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At Event, a Call for More Awareness of African-American History


Speaking at Fordham on Dec. 17, an academic expert strongly contested the idea that African Americans should “move on” from their history and drove home its continuing importance for educators.

“The threats to black historical literacy remain with us today as they did in the past,” said Khalil Gibran Muhammad, Ph.D., a history professor and director of the New York Public Library’s Schomburg Center for Research in Black Culture. “This notion of post-racialism—that history is no longer meaningful and impactful—actually is a very old thing. It’s an old problem” dating from the 19th century, he said.

He spoke at a professional development session for middle and high school educators, held at the Lincoln Center campus. Fordham’s Graduate School of Education, School of Professional and Continuing Studies, and others co-sponsored the event with WNET New York Public Media to show how classroom lessons might be enhanced with materials from a recent PBS series, The African Americans: Many Rivers to Cross, with Henry Louis Gates, Jr.

Describing the idea of post-racialism, he cited one African American’s assertion, posted online, that it’s “time to move on” because Jim Crow laws and the civil rights movement have receded into the past. “We aren’t helping ourselves by constantly looking to the past, and what our ancestors had to go through and demanding some sort of handout because of it,” the commentator wrote.

Muhammad showed something from the past that echoed the idea of a “handout”: a 19th-century flyer distorting the purpose of the Freedmen’s Bureau, established by the federal government in 1865 to assist newly freed slaves. It describes the bureau as “an agency to keep the negro in idleness at the expense of the white man” and juxtaposes a picture of a white man hard at work with a grotesque rendering of a happily recumbent black man.

“I suspect that if an image like this circulated more in our classes, amongst our seventh graders, amongst our 10th graders, that if you actually taught this period, that our political discourse would be very different,” Muhammad said.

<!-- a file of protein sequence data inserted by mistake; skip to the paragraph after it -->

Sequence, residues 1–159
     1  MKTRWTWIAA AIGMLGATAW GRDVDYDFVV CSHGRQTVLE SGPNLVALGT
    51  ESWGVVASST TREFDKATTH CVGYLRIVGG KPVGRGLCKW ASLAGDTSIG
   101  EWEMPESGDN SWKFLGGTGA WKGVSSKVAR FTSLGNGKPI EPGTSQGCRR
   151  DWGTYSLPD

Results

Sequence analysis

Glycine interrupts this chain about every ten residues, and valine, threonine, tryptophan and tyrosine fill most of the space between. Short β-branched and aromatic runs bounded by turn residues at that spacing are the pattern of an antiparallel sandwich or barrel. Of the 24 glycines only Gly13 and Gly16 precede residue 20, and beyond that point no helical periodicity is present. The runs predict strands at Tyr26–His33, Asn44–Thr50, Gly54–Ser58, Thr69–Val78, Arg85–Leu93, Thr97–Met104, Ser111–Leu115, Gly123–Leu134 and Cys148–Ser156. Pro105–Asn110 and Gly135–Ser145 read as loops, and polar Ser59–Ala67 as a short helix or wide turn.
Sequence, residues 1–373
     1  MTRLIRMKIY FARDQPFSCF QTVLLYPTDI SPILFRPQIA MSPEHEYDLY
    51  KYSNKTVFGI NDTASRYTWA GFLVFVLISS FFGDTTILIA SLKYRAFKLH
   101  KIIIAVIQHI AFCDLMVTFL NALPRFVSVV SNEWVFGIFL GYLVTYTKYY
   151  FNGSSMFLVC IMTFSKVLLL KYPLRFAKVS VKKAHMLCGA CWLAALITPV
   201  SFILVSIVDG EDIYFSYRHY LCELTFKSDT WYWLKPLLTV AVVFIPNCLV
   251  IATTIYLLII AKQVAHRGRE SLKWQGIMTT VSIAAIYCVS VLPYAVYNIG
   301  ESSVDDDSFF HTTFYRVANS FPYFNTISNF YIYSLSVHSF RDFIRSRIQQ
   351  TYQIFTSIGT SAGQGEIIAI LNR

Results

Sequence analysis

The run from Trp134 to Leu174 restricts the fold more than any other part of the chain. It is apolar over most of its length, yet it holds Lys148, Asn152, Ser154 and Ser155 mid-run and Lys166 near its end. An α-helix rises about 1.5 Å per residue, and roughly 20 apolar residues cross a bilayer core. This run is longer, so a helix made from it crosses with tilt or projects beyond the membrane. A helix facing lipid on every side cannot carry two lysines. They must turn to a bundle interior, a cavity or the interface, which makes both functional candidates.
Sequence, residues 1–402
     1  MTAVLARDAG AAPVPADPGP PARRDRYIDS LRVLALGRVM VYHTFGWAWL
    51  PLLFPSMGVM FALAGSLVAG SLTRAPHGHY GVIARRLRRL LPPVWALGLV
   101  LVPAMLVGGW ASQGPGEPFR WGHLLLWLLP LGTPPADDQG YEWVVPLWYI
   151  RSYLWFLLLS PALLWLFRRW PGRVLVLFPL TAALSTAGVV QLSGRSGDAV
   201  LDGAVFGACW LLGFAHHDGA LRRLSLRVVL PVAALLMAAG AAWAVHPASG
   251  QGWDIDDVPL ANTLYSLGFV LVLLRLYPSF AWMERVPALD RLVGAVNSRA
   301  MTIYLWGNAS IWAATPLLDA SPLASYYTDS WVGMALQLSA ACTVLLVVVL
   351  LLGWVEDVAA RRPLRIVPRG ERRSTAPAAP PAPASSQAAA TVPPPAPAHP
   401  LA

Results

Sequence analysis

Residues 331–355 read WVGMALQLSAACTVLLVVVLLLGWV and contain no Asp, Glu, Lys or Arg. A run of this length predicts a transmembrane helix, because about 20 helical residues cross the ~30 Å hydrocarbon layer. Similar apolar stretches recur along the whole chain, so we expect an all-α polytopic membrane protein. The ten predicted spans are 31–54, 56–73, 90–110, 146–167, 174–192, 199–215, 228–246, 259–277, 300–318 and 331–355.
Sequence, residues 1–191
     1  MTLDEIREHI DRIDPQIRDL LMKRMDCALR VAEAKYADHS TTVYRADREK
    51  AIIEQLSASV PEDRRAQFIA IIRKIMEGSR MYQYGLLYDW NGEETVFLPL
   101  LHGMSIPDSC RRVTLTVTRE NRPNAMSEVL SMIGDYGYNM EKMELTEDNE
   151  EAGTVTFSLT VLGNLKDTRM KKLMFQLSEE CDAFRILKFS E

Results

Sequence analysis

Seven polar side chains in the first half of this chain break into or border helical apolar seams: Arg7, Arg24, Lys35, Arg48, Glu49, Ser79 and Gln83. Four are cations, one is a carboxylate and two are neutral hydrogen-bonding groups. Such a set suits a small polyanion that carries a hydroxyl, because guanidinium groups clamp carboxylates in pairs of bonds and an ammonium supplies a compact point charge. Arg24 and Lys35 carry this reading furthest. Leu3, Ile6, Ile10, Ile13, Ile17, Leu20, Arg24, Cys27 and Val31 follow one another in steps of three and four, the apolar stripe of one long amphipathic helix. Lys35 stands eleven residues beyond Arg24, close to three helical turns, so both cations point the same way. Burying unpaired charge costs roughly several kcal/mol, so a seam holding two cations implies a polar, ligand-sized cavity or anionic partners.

“This is what’s been left out of the textbook,” he said. “And it’s precisely the silences that get filled in with ideology.”

Historical literacy is important for countering the ideologies of oppression that serve the interests of powerful elites, he said. “If people don’t even know to question the historical narratives that they’re being fed, then I feel like we’re all complicit in it as educators.”

Noting that President Obama’s picture graces the covers of some college-level textbooks, he cautioned that the election of the first African-American president should not bring a sense of lasting triumph.

“If we go to the Reconstruction period, we have this … immediate ascent of formerly enslaved people to the highest offices of the political landscape: fourteen in Congress, two as U.S. senators, a couple of more as governors,” he said. “And yet, by the turn of the 20th century none of them were serving anywhere in Washington, D.C., except to clean toilets and bathrooms, at least at the federal government level.

“If we knew our history better, if the makers of textbooks knew our history better, this immediate symbolic representation would at least be contrasted with the ongoing work to be vigilant about those gains; not to, in fact, metaphorically close the book on them.”


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